That $20 in your pocket buys more than a velour jumpsuit and some house slippers.
Goodwill Industries International provides a retail outlet known for inexpensive and vintage items. However, some have questioned whether the booming popularity of thrift shopping, especially among a young demographic, is placing low-income customers at a disadvantage.
"I've never heard anyone complain about it before, but sometimes I think some people actually use Goodwill, like that's where they buy all their clothes," said Jennifer Daniel, sophomore in global studies. "And we're here like, 'Look at how hideous this is.'"
Brief considerations like this don't seem to deter students from taking their dollar to the area's 28 Goodwill retail stores.
"I like to find clothes that are cheap, maybe not so trendy, just different," Joanna Bernardini, a second-year interior design student, said. "It's just a practical way to shop."
In fact, the principal concern of a Goodwill shopper like Daniel is of far less magnitude than the social welfare implications of her purchase.
"I ask myself if I should wash it before I wear it," Daniel said.
Thrift shopping has grown into a movement of sorts among younger generations, especially among pop-culture catalysts like rap artist Macklemore's "Thrift Shop."
Combined with economic distress and poverty-stricken urban residents, the question has been raised concerning the morality of the Goodwill shopping trend among financially stable citizens.
Goodwill Industries of Knoxville's public relations and marketing coordinator Adrienne Hendon would put that question to rest.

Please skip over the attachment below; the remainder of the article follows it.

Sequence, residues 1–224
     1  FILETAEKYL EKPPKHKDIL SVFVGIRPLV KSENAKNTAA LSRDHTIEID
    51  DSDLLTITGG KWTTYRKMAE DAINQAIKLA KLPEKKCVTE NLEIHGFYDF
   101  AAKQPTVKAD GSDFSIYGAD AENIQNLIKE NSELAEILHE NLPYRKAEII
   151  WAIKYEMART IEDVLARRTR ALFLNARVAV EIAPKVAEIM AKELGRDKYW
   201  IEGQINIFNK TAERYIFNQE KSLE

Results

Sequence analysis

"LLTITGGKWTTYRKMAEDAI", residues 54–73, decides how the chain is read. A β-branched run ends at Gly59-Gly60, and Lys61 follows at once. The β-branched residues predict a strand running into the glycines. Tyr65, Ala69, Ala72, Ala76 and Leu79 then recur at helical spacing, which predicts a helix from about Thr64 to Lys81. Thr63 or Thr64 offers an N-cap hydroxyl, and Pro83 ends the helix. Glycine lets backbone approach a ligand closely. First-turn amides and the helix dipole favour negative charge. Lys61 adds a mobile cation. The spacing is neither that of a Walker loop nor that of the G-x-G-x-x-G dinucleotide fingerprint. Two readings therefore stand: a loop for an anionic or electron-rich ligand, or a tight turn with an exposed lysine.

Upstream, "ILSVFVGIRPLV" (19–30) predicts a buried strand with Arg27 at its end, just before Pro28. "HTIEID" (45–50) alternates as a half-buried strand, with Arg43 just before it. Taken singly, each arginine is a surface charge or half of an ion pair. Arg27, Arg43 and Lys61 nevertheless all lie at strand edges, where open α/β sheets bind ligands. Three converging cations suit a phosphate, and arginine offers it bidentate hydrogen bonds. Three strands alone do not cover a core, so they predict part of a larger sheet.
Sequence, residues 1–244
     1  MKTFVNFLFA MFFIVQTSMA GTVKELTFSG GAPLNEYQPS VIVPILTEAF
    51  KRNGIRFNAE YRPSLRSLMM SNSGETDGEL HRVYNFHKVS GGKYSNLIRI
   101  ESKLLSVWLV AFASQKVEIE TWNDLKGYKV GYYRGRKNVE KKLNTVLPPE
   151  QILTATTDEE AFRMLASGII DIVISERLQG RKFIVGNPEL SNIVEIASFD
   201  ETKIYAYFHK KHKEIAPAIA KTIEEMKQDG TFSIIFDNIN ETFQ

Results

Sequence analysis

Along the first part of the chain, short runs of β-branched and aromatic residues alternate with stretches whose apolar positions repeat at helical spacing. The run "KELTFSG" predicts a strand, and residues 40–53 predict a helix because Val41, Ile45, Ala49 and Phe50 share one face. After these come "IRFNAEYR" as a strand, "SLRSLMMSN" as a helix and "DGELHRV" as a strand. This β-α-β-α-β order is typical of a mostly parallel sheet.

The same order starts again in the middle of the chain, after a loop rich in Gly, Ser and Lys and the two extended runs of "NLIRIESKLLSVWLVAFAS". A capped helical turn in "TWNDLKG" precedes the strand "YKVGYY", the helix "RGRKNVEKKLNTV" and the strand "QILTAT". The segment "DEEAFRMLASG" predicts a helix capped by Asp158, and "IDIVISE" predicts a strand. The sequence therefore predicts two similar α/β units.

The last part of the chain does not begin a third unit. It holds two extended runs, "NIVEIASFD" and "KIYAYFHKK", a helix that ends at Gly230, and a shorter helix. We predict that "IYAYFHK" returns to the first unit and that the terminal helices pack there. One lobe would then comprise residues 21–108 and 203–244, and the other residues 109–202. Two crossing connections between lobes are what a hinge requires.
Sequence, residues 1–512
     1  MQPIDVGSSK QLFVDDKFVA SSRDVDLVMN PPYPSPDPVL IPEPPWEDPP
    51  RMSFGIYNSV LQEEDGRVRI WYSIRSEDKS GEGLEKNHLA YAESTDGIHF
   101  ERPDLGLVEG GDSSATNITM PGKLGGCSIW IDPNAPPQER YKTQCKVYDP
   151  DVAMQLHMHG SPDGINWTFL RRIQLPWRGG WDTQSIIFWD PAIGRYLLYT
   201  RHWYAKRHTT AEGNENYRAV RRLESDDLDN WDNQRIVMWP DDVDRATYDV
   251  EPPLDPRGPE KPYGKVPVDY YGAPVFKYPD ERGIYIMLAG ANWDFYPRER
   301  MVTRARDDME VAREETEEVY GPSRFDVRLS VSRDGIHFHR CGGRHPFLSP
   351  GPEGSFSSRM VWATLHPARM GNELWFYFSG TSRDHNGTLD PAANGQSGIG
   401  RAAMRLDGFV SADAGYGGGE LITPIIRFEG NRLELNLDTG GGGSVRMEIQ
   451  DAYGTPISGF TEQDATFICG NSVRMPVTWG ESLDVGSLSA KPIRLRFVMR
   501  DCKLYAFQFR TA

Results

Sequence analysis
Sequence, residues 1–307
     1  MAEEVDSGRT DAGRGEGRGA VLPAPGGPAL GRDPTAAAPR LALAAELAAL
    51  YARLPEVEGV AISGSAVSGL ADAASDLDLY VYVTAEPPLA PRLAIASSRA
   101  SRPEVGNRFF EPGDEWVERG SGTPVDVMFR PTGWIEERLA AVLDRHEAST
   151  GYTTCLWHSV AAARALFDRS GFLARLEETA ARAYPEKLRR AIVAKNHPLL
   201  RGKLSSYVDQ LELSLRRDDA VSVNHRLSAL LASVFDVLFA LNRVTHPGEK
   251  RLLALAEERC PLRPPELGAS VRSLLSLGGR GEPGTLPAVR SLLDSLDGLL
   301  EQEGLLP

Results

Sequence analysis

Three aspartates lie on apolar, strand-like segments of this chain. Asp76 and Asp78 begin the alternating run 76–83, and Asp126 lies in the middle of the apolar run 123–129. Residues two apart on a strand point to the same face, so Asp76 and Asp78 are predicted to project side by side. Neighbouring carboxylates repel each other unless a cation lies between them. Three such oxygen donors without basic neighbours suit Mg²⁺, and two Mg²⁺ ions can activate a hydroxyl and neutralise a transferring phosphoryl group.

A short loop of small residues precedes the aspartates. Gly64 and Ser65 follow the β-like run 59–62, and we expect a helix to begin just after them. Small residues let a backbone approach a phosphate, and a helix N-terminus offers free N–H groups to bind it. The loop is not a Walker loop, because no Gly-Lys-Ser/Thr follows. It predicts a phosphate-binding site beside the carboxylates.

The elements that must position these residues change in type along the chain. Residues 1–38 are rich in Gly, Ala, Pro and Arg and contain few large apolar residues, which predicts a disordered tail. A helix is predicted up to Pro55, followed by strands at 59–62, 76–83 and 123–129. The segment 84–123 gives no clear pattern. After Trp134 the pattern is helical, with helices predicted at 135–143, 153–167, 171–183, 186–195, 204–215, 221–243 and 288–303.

"Knoxville is such a generous town for us, I mean they are consistently donating to all of our locations," Hendon said. "We constantly have new stuff out every day. We don't have a shortage of anything by any means."
Hendon explained that any purchases made in a Goodwill retail location support the non-profit organization's employment and vocational services.
"So anybody you know, regardless if they are low income or high income, any of their purchases at Goodwill, if they purchase a chair, that chair money goes to helping somebody with a disability get a job or get training to get a job," Hendon said.
According to its website, Goodwill Industries garnered $3.53 billion in revenue from its 2,700 retail stores in 2012, accounting for approximately 72 percent of the company's total revenue for the year.
Eighty-two percent of that income was used to directly support Goodwill's other programs which provide jobs and training to members of the community unable to support themselves alone.
Founded in 1902 by a Methodist clergyman, Goodwill Industries' mission statement espouses its goal of "helping people in need reach their full potential through learning and the power of work."
Hendon echoed this sentiment when discussing the company's role in the Knoxville and global community.
"The more people we can help in the community, that's our goal, to get as many people out there training to get jobs as we can," Hendon said. "'You give somebody a fish they can eat for a day, but if you teach them how to fish they can eat for their lifetime.' That's kind of what we go around."